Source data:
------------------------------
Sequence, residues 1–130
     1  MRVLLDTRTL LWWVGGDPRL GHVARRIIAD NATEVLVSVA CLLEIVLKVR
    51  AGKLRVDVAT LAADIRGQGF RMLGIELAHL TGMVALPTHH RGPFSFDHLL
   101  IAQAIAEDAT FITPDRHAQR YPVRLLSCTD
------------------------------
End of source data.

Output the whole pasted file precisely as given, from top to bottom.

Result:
Sequence, residues 1–130
     1  MRVLLDTRTL LWWVGGDPRL GHVARRIIAD NATEVLVSVA CLLEIVLKVR
    51  AGKLRVDVAT LAADIRGQGF RMLGIELAHL TGMVALPTHH RGPFSFDHLL
   101  IAQAIAEDAT FITPDRHAQR YPVRLLSCTD